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CHAPTER 8: Introduction to the Hydrosphere
 

(j). Actual and Potential Evapotranspiration

Often, scientists distinguish between two different aspects of evapotranspiration: potential evapotranspiration and actual evapotranspiration.

Potential evapotranspiration or PE is a measure of the ability of the atmosphere to remove water from the surface through the processes of evaporation and transpiration assuming no control on water supply. Actual evapotranspiration or AE is the quantity of water that is actually removed from a surface due to the processes of evaporation and transpiration.

Scientists consider these two types of evapotranspiration for the practical purpose of water resource management. Around the world humans are involved in the production of a variety of plant crops. Many of these crops grow in environments that are naturally short of water. As a result, irrigation is used to supplement the crop's water needs. Managers of these crops can determine how much supplemental water is needed to achieve maximum productivity by estimating potential and actual evapotranspiration. Estimates of these values are then used in the following equation:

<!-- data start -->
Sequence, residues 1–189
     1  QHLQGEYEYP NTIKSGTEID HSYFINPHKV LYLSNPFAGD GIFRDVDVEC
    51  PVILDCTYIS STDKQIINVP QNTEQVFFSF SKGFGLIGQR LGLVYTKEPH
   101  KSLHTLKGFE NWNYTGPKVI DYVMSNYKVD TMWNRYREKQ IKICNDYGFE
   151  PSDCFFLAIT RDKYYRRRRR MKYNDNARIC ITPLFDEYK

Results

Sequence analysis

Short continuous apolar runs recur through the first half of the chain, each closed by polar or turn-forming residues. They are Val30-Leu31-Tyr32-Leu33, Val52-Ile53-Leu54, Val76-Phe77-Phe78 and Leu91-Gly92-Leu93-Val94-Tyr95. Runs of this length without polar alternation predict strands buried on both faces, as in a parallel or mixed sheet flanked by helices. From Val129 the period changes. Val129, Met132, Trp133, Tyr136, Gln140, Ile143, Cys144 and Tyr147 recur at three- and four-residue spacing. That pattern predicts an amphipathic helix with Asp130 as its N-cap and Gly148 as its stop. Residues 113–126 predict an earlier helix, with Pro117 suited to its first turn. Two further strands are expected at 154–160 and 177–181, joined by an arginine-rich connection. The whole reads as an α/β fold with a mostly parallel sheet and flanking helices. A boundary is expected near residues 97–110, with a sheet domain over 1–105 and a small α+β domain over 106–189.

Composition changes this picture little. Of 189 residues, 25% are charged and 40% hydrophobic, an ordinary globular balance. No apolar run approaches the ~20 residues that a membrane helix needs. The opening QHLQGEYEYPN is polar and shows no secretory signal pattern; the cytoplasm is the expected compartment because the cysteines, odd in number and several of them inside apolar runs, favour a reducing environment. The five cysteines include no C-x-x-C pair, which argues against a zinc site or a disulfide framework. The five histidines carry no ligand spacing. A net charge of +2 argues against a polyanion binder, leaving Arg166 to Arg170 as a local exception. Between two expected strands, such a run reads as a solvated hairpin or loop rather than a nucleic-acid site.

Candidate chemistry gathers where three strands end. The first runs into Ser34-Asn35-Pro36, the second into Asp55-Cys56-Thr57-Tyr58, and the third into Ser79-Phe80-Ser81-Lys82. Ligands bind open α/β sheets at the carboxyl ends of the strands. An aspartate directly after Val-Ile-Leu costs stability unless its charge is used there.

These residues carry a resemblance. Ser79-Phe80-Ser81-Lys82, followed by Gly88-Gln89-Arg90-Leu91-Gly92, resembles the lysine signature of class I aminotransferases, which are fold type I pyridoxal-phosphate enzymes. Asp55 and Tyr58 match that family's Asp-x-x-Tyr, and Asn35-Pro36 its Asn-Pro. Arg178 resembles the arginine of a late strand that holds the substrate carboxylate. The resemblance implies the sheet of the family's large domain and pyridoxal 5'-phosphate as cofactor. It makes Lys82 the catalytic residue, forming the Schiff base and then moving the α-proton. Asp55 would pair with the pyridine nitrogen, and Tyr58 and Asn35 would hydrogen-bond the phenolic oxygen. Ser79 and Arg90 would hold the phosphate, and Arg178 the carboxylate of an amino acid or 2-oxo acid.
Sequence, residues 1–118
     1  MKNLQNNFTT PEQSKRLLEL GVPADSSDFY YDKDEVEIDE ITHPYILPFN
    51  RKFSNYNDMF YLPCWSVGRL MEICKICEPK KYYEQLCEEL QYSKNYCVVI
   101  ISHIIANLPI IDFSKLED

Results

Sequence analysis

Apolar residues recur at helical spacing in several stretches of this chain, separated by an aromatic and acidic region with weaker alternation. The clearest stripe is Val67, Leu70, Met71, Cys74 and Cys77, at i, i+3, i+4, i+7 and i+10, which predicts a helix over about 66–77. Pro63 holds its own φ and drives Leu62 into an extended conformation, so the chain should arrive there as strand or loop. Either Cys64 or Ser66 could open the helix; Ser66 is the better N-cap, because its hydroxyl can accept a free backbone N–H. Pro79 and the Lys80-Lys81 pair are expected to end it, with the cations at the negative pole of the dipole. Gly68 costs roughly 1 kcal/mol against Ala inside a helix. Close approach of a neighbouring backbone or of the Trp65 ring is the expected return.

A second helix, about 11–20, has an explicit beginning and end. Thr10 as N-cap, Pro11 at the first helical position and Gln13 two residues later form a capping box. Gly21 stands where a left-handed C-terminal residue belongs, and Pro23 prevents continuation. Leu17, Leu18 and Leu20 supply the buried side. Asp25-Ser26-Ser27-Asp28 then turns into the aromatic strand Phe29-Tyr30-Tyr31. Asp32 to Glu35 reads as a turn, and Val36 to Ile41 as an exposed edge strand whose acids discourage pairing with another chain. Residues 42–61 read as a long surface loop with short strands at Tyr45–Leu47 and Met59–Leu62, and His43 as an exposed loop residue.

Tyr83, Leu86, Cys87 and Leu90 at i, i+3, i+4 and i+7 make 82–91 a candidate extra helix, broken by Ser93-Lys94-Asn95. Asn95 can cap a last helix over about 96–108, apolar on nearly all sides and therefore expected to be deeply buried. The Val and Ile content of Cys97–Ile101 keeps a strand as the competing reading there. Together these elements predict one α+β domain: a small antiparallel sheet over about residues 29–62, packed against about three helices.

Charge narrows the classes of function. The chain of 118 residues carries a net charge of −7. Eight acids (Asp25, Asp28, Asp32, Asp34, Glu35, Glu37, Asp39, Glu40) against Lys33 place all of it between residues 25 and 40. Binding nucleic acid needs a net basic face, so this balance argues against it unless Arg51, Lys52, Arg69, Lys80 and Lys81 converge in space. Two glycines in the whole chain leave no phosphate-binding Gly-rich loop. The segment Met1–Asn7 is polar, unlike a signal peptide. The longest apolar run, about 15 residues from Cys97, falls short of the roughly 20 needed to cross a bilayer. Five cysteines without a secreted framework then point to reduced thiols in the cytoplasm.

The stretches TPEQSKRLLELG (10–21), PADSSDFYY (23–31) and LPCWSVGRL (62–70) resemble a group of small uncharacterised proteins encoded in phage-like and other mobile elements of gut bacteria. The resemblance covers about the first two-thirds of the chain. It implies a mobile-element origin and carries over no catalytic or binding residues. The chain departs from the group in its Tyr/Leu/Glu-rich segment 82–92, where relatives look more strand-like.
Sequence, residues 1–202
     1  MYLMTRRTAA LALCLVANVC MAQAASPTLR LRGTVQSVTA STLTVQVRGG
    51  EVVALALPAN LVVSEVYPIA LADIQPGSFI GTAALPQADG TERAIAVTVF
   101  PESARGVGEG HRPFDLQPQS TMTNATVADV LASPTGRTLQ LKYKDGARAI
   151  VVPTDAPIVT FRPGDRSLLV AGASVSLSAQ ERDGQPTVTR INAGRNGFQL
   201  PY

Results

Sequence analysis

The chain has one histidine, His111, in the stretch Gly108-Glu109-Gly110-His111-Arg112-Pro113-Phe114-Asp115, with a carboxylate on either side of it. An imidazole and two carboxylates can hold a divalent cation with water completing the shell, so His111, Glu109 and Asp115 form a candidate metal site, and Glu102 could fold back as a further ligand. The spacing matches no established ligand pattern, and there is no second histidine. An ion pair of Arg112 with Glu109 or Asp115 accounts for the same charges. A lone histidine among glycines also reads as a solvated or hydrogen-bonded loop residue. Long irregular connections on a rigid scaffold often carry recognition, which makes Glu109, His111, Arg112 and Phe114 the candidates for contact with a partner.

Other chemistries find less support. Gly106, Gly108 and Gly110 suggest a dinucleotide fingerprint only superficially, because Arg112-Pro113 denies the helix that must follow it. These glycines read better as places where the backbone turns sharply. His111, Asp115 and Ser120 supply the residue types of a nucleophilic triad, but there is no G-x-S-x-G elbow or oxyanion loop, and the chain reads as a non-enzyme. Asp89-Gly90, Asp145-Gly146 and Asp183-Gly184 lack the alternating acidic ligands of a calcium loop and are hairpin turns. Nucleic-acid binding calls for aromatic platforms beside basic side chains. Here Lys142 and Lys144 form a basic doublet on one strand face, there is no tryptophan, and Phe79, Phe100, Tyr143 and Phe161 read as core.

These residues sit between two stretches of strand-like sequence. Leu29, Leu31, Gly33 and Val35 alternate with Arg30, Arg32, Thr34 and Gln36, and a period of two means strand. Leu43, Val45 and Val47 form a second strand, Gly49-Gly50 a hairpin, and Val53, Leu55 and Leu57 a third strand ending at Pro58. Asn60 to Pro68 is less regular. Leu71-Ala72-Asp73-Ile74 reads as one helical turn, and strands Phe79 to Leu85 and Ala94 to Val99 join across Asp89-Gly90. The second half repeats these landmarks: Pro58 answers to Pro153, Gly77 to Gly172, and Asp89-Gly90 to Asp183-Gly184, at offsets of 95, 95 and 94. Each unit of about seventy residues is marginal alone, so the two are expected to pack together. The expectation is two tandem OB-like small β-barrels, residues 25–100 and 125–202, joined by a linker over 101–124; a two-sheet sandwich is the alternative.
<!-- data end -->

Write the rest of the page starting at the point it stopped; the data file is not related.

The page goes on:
crop water need = potential evapotranspiration - actual evapotranspiration

The following factors are extremely important in estimating potential evapotranspiration:

  • Potential evapotranspiration requires energy for the evaporation process. The major source of this energy is from the Sun. The amount of energy received from the Sun accounts for 80% of the variation in potential evapotranspiration.
  • Wind is the second most important factor influencing potential evapotranspiration. Wind enables water molecules to be removed from the ground surface by a process known as eddy diffusion.
  • The rate of evapotranspiration is associated to the gradient of vapor pressure between the ground surface and the layer of atmosphere receiving the evaporated water.
 

Study Guide

 

Additional Readings

 
Internet Weblinks
 
Citation: Pidwirny, M. (2006). "Actual and Potential Evapotranspiration". Fundamentals of Physical Geography, 2nd Edition. Date Viewed. http://www.physicalgeography.net/fundamentals/8j.html
 
 
 

 

Created by Dr. Michael Pidwirny & Scott Jones University of British Columbia Okanagan

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Copyright © 1999-2014 Michael Pidwirny

05/07/2009 15:21

 

Geography